Finally, the NCEDC has continued to expand its data holdings and enhance access to the data; in particular, we have made progress in archiving continuous seismograms read from NCSN tapes, to satisfy numerous requests from researchers interested in looking for non-volcanic tremors in the background noise, as well as for the study of teleseisms, and have ported the entire NSCN earthquake catalog into the CISN database schema.
Changes in BSL staff in 2007-2008 are as follows.
The following graduate students associated with BSL completed their PhD's in the past year: Mei Xue, now a faculty member at Tongji University in Shanghai, and Karl Kappler, who is still around. Eileen Evans obtained her MS in May 2008 and worked through the summer before starting a PhD at Harvard this fall.
In the global seismology group, Aimin Cao, graduate student and later post-doc left for Rice University, and Fabio Cammarano left for ETH (Zurich). There have been several new arrivals: Laurent Stehly joined the global seismology group as a post-doc in January, and Paul Cupillard in June. Laurent obtained his PhD at the Universite Joseph Fourier in Grenoble, and Paul, at IPG in Paris. They bring expertise on the use of noise cross-correlations for structure studies, and on the Spectral Element Method, respectively. Zhao Zheng (Allen), from Peking University and Sanne Cottaar, from Utrecht University, have joined the group as graduate students.
Bob Uhrhammer, who started working at the Berkeley Seismographic Stations in 1975, retired in January 2008, and has come back to work part time as a retiree appointee. His help in training Taka'aki Taira, our new staff seismologist who arrived in August, is invaluable. Dr. Taira obtained his PhD at Hokkaido University in Japan, followed by post-docs at Carnegie and the Univ. of Utah. His research interests include earthquake nucleation and rupture processes, as well as fault rheology and time dependent phenomena in fault zones.
BSL hosted the following visiting scientists in 07-08: Jean Pierre Vilotte (IPG Paris), Georges Poupinet (Grenoble, France), Hui-Hsuan (Kate) Chen (National Taiwan Normal University, Taiwan), DV Chandrasekhar (National Geophysical Research Institute, Hyderabad India), Luca Malagnini (Istituto Nazionale di Geofisica e Vulcanologia, Italy), Paramesh Banerjee (Newcastle University, England), Fabian Walter (ETH Zurich), Shweta Sangewar (Indian Institute of Technology, India), Andrea Cannata (University of Catania, Italy), Stefano Gresta (University of Catania, Italy), and the following summer 07 interns: Jake Lippman, from UC Davis, and Andrew Tran, from Cal Poly.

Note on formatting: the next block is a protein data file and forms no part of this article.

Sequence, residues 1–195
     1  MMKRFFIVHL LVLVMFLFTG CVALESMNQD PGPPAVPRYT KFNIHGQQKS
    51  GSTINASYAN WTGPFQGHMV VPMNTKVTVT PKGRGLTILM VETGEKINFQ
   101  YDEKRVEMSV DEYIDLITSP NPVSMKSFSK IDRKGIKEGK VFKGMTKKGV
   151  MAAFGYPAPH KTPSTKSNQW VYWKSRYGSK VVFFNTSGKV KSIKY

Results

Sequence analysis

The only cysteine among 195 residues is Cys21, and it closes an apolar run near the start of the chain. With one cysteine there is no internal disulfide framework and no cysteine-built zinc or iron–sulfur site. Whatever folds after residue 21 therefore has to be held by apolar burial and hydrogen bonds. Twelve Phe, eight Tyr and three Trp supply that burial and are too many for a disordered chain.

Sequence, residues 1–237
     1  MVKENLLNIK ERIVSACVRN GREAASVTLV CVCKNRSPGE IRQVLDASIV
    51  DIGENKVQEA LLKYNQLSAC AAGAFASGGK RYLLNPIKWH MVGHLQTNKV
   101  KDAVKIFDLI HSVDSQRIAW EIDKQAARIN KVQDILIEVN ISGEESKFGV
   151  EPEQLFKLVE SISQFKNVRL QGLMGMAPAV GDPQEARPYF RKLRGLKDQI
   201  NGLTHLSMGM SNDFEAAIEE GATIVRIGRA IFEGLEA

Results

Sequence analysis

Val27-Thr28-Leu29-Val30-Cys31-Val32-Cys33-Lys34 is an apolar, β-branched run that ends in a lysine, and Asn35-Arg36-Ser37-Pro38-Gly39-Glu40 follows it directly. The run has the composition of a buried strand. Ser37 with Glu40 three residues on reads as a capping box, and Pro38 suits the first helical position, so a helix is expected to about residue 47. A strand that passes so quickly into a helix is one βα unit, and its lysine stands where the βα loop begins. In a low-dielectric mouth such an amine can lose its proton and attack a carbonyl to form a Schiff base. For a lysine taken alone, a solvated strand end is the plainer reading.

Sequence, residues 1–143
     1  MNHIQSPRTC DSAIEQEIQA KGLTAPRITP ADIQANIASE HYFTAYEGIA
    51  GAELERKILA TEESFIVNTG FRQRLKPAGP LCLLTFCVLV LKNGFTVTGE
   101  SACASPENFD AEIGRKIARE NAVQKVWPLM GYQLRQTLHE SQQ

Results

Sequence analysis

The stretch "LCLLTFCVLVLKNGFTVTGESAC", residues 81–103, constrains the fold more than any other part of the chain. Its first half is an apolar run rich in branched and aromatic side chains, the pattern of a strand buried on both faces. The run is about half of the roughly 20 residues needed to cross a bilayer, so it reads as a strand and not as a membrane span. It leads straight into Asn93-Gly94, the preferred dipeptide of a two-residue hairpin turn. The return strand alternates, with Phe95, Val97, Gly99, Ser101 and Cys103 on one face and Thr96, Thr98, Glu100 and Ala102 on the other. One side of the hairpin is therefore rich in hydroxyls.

Alexey Kireev left BSL in early April. Oleg Khainovski, a 2006 UCB engineering Physics graduate, was hired in August as a programmer to work on the CISN and Early Warning projects. Angela Chung left the BSL in June to pursue a PhD in geophysics at Stanford University.
I wish to thank our technical and administrative staff, scientists and students for their efforts throughout the year and their contributions to this Annual Report. Individual contributions to activities and report preparation are mentioned in the corresponding sections, except for the Appendix section, prepared by Kate Lewis (Conner), Kristen Jensen and Jennifer Taggart.
I also wish to specially thank the individuals who have regularly contributed to the smooth operation of the BSL facilities: Mario Aranha, Rich Clymer, Angela Chung, Doug Dreger, John Friday, Jarrett Gardner, Peggy Hellweg, Nicolas Houlié, Bill Karavas, Alexei Kireev, Rick Lellinger, Pete Lombard, Kevin Mayeda, Rick McKenzie, Bob Nadeau, Doug Neuhauser, Charley Paffenbarger, Jennifer Taggart, Bob Uhrhammer, and Stephane Zuzlewski, and in the administrative office, Kristen Jensen, Kate Lewis (Conner), Tina Barber-Riggins, and Yolanda Andrade. I also wish to thank our undergraduate assistants, Eileen Evans, Sarah Minson, Eric Winchell, and Jozef Matlak for their contributions to our research and operations activities.
I am particularly thankful to Jennifer Taggart and Peggy Hellweg, for their help in putting together this Annual Report.
The Annual Report of the Berkeley Seismological Laboratory is available on the WWW at http://seismo.berkeley.edu/annual_report.
September 30, 2008
Berkeley Seismological Laboratory